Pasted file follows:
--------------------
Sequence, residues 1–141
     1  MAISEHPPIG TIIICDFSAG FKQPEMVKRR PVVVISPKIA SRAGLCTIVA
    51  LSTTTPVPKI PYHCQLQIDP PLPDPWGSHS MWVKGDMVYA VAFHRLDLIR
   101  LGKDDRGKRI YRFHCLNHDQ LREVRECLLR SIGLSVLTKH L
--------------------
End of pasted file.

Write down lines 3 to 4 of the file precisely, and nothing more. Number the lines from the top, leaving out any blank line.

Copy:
    51  LSTTTPVPKI PYHCQLQIDP PLPDPWGSHS MWVKGDMVYA VAFHRLDLIR
   101  LGKDDRGKRI YRFHCLNHDQ LREVRECLLR SIGLSVLTKH L